DOE Project Foundations

Research Collection

The DOE's research collection

The Research Collection

In 1970, the Dictionary of Old English Project, under the direction of Angus Cameron, Professor of Old English, began with the establishment of a research collection.

The DOE's research collection includes a reference library of dictionaries; at least one copy of each known Old English text; semantic and etymological studies of Old English words; facsimiles of Old English and Latin manuscripts from Anglo-Saxon England; and a selection of scholarly journals and monographs about the language, literature, and culture of Anglo-Saxon England.

The DOE is proudest of its original volumes of the Oxford English Dictionary, pictured above.  These were scrounged, through the kind offices of a friendly librarian, when the Faculty of Dentistry de-accessioned its holdings.

The DOE's research collection is continuously evolving. DOE researchers, colleagues, and collaborators keep track of current scholarship and update both the research collection and the Old English Corpus.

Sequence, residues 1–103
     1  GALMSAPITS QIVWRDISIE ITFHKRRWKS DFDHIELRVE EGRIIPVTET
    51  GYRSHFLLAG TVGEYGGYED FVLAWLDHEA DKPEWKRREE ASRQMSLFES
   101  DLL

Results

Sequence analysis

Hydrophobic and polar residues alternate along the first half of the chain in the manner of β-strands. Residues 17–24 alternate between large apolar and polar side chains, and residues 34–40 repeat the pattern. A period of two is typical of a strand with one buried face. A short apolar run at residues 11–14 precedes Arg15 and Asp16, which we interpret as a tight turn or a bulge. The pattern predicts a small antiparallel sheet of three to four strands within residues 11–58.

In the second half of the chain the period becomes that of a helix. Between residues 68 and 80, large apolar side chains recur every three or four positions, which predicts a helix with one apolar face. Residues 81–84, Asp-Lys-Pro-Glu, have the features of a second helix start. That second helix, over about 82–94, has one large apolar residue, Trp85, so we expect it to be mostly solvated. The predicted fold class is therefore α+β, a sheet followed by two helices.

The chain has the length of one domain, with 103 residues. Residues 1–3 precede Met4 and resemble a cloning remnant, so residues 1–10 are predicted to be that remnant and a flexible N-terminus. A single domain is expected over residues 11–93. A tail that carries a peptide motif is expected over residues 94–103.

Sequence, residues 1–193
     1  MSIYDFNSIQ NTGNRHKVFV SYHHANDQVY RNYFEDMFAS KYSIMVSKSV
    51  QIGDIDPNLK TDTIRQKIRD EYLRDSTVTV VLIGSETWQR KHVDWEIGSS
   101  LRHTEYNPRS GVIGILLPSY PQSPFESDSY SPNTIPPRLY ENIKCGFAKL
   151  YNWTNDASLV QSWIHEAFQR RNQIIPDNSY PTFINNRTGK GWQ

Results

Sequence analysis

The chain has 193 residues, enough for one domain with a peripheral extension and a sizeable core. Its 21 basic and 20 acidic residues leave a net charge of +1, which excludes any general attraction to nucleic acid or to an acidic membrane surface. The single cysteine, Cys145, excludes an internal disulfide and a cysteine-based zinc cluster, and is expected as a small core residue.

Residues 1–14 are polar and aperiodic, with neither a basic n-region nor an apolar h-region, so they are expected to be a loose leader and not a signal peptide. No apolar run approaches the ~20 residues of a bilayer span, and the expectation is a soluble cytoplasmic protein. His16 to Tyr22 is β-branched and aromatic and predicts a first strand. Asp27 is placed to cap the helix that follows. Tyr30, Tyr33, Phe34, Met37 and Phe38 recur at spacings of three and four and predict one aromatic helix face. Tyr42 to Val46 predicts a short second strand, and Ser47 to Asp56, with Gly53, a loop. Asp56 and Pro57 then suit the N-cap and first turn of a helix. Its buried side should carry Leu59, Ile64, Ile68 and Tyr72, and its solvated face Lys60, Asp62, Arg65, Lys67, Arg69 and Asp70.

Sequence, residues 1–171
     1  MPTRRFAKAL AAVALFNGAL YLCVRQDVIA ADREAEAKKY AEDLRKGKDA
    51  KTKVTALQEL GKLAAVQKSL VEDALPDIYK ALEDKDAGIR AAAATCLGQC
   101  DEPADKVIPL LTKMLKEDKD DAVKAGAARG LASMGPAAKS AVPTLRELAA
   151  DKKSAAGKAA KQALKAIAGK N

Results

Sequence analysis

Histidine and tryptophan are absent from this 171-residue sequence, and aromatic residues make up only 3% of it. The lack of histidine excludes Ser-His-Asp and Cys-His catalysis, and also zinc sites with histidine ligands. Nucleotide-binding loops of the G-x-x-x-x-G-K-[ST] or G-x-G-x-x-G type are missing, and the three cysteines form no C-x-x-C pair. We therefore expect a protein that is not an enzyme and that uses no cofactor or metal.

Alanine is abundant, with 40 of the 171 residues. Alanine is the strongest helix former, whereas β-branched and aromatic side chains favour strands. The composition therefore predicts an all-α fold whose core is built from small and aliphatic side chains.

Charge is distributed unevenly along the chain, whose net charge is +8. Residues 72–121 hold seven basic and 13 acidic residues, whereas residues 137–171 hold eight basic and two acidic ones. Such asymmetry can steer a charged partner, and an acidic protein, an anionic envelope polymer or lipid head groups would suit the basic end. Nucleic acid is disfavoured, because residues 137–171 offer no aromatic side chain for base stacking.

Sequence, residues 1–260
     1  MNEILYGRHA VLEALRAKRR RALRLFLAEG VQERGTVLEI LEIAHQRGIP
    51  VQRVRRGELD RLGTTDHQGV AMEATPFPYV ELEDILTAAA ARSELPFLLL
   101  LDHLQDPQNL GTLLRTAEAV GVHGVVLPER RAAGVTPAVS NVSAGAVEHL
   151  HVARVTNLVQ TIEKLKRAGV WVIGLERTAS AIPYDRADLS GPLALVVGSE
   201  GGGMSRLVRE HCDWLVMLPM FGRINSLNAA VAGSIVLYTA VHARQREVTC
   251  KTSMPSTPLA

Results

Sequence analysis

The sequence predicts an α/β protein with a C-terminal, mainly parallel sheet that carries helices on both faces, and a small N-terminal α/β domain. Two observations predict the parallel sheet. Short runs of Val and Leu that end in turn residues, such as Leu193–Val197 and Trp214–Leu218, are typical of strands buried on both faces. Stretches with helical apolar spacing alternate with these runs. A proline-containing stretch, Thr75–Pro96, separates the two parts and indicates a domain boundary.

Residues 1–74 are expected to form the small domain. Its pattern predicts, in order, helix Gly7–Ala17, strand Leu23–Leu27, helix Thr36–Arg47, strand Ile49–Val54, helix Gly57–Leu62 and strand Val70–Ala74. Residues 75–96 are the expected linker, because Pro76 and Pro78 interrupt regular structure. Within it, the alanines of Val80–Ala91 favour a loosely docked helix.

Beowulf on Scantron

Hw$t: Beowulf on Scantron sheets, with jury-rigged special characters.

 The DOE Corpus

After the research collection was established, the Dictionary of Old English Project turned to the creation of an electronic corpus that included at least one version of every known Old English text.

"In the early seventies [...] we rekeyed the entire corpus (that was almost the only means of data entry then) and our secretary, Elaine Quanz, spent most of six years typing it. But because time on the mainframe computer was very expensive, she didn't key the texts into an on-line file, but rather typed them in a special IBM Selectric font, OCR-B, which was legible to a primitive optical scanner. [...] The old-fashioned system did not function too badly, chiefly because of the extraordinary speed and accuracy--to say nothing of the good nature--of our secretary. The texts were typed one by one, coded with their alphanumeric text codes and entered with substitute characters for Old English æ, þ, ð, and ę. They were collected in batches and sent off to be scanned." (Ashley Crandell Amos, "Computers and Lexicography: The Dictionary of Old English," Editing, Publishing, and Computer Technology, AMS Press, Inc., 1988).

The scanning occurred not a moment too soon.  Two scanning companies went out of business while Elaine was inputtting the original materials.  The DOE managed to get the scanning done just in time, before the third company also went out of business.

DOE Project Foundations